“A good reason to donate to medical research, after you die!”

Need brain donors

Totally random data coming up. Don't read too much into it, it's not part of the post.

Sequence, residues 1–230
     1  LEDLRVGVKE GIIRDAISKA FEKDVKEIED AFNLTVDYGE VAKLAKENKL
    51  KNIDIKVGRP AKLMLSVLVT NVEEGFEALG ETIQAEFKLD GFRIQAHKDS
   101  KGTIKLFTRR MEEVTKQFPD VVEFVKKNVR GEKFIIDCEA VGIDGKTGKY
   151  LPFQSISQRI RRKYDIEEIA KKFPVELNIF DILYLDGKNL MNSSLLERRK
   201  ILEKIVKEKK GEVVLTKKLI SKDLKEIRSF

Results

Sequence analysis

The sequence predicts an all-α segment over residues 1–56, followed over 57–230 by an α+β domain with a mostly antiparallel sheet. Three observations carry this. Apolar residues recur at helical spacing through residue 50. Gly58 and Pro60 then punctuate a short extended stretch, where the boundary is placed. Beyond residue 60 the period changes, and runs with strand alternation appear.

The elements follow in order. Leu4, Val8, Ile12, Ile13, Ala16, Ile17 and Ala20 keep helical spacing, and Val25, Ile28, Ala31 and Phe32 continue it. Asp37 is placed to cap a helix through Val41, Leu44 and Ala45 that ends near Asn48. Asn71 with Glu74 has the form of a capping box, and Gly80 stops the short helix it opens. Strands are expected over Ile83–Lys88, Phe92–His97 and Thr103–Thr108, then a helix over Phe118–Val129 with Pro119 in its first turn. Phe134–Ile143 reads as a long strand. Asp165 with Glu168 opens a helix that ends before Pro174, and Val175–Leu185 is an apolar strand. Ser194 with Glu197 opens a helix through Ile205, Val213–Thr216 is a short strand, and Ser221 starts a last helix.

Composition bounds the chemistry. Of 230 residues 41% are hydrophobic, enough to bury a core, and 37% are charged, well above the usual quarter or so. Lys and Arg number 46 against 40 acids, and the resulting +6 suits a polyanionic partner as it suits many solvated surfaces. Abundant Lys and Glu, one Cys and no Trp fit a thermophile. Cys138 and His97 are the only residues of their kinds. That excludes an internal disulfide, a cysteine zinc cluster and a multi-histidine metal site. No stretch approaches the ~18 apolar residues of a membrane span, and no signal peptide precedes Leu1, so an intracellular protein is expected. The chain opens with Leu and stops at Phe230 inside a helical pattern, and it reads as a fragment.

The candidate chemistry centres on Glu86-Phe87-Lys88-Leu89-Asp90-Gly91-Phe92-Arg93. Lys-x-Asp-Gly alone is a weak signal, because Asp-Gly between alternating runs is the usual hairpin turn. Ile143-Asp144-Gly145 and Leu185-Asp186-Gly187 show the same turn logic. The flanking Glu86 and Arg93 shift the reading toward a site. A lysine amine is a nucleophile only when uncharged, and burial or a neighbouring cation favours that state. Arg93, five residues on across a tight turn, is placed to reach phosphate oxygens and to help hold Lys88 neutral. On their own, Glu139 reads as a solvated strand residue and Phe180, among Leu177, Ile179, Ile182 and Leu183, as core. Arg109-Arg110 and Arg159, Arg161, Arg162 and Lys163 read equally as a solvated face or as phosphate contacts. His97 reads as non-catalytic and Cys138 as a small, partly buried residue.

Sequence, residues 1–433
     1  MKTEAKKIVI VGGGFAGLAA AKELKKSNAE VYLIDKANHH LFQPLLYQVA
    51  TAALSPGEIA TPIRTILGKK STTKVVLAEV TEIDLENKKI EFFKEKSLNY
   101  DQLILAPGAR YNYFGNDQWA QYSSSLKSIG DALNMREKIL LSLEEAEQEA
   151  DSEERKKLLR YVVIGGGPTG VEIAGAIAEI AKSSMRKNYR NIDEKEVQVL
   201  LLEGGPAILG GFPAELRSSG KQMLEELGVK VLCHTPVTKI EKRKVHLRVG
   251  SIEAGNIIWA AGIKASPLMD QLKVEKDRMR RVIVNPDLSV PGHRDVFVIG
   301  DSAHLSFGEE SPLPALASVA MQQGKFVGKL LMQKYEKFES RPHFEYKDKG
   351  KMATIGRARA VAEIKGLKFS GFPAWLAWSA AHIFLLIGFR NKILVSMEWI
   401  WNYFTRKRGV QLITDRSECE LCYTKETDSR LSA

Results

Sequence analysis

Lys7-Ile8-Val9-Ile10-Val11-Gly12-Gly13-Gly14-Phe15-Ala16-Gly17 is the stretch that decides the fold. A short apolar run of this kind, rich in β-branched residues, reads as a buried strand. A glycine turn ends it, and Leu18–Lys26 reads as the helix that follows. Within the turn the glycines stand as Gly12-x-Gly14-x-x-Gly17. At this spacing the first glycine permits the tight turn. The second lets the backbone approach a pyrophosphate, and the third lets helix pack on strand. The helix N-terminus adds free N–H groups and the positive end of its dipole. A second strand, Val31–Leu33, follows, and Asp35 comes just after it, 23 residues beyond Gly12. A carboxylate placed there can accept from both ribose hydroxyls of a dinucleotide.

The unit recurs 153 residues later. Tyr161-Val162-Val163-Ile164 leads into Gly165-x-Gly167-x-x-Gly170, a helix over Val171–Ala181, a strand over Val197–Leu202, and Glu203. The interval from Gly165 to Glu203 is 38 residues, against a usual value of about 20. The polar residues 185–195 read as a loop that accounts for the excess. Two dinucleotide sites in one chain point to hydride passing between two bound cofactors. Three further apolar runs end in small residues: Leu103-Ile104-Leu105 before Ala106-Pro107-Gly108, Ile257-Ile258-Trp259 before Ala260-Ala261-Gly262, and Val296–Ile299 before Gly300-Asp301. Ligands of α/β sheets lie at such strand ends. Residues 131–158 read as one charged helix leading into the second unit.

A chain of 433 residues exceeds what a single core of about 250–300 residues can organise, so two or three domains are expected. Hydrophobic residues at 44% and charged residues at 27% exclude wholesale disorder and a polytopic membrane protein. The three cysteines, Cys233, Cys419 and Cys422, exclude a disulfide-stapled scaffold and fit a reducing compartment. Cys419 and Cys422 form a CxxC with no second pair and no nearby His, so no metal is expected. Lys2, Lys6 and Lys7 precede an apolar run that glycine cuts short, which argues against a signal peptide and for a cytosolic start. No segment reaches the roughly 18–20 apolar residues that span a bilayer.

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CCON-POST: July 15, 2017 HEADLINE “A good reason to donate to medical research, after you die!” CSG: Those of you following CSGs efforts to defuse the stigma, about organ donations to medical researchers after death, have another opportunity to reflect upon your decision to donate. As compassionate humans, could we be encouraged to consider the generations coming behind us and the potential we have to make their quality of life better than ours. As our “friends” on face book know we are aggressively asking you to donate your brain to our medical research team led by Dr. Lili Naz-Hazrati, MD, PhD, FRCPC, neuropathologist, at The Hospital for Sick Children, Toronto, The Canadian Concussion Center, and The University of Toronto. Today's article is another heart-warming indication of how one talented professional athlete dedicated his body to others upon his death. Ironically, his massive and powerful heart ended up in the chest of Baseball Hall of Famer player Rod Carew, who was on the verge of death because of his deteriorating heart condition. The message CSG hopes you will take away from today's story is how we as former or present athletes and you as healthy citizens can do remarkable thing for your children and grandchildren and their progeny by becoming a generous organ donor. CSG, as mentioned many times is for you, all of you. To donate your brain to science to help us find cures for degenerative brain diseases, like CTE, Alzheimer’s Disease, Dementia, MS, and so many more. At the bottom of today's article is our appeal request, and simple instructions on becoming a donor. We hope you will consider our plea for help. Far to many of us are suffering from the perils of brain injuries or degenerative brain diseases that we have no understanding of how or why they have attacked us. The Article “Former San Francisco 49ers and Stanford Cardinal football player's heart lives on in Hall of Famer Rod Carew after the transplant!” By Kevin Lynch Friday, July 14, 2017 Even in an NFL locker room, you couldn't miss Konrad Reuland - wavy blond hair, chiseled features, a mesomorphic exemplar. As a 6-foot, 6-inch 270-pound tight end, Reuland strode off the Stanford campus and onto the 49ers' practice fields as a rookie free agent. He then went on to play for the Jets and Ravens in 2012, 2013 and 2015 before his life was cut short. Right after Thanksgiving last year, he was anticipating getting another crack at the NFL while working out in a gym near his Irvine, California residence. He felt a click behind his left eye. Then his brain flooded with pain. He called his father Ralf and was told to get to a hospital. By the time he did, the aneurysm had thrown Reuland into a coma. The 29-year-old never recovered. On December 12, with his family by his side, Reuland was declared brain dead. Per his wishes, the family donated his organs, including his vast heart. Reuland was large, his mother, Mary, told the L.A. Times. He ate large, lived large, and often plunged into life with his rich laughter. Reuland's heart was so big, he shared it with others. He struck up a friendship with Kimi, a 5-year-old neuroblastoma patient. He allowed Kimi to paint his fingernails and on his last visit, they sang Taylor Swift tunes. In death, Reuland's heart kept working. After it was harvested, a 71-year-old man, clinging to life after a heart attack crippled him on a golf course 15 months earlier, got a call saying a heart was ready for a transplant. The man was also an athlete, Hall of Fame baseball player Rod Carew, an 18-time All-star and one of the best left-handed hitters to ever strike a baseball. After Reulands' death on Dec. 12, the ailing Carew had his heart transplanted into him four days later, saving his life. In a moment filmed by "CBS this Morning," Carew, sitting in the Reuland's San Juan Capristrano living room, took out a stethoscope and placed it on his chest. Reuland's mother, father and younger brother all heard the beating of Konrad's heart. "It was comforting in a way to hear that again, knowing that part of Konrad is still here," Mary Reuland told the Times. "I didn't know until this happened that every heartbeat, like a fingerprint, is unique. It was definitely Konrad's heart in there." Amazingly, Konrad met Carew 15 years earlier. Konrad and his older brother Warren were middle school teammates with Carew's kids, Cheyenne and Devon, at St. John's Episcopal school in Rancho Santa Margarita. After meeting Carew, the family said Konrad bragged that he had met a Hall of Fame baseball player. According to One Lagacy, the Los Angeles arm of the nation wide organ donation network, this is the first time an organ was anonymously donated to people who had actually met. It's also believed to be the first time an organ has been exchanged between two professional athletes. The Carews and Reulands have kept up their association. On April 4th, the day Konrad was to turn 30, the Reulands visited his grave site and Rod Carew was there. Feeling infinitely better after the transplant, and with plans to travel extensively and intentionally with Konrad's adventurous heart, Carew inscribed a baseball to the Reulands. "Happy Birthday Konrad," Carew wrote. "I promise to always care for your priceless gifts." BRAIN DONOR APPEAL CSG and our parent organization Institut de l’Atlantic en neurosciences Atlantic Institute, Inc., Moncton, New Brunswick, has aligned with medical professionals, former professional and amateur athletes and educators, and our medical researcher associates at The Hospital for Sick Children, Toronto, Canadian Concussion Centre, and The University of Toronto, under the direction of one of Canada’s foremost neuropathologist, Dr. Lili Naz-Hazrati, MD, PhD, FRCPC, to appeal to you too become a brain donor. It’s simple, painless, extremely important, and the best legacy you could give to future generations of children and youth considering playing a contact sport. CSG and our colleagues would like you to help us prevent degenerative brain diseases (over 100 know today), that may have their root causes in concussions or traumatic brain injuries. CSG’s invites whether you have ever sustained a concussion or played a contact sport, makes no difference. CSG and our medical research colleagues need your brain for their on-going research. Donating your brain, when you die, is no different than giving your other organs. Simply contact us at face book messenger, (Bob Lemieux) or by calling us at 1-844-266-0226, (toll free), or 1-506-538-7274, or via e-mail: concussionsupportgroup@sprynet.com, and we will take care of the details. As donors you will be added to our Ambassadors Brain Donor Team. It’s all about giving “Quality of Life a Chance!”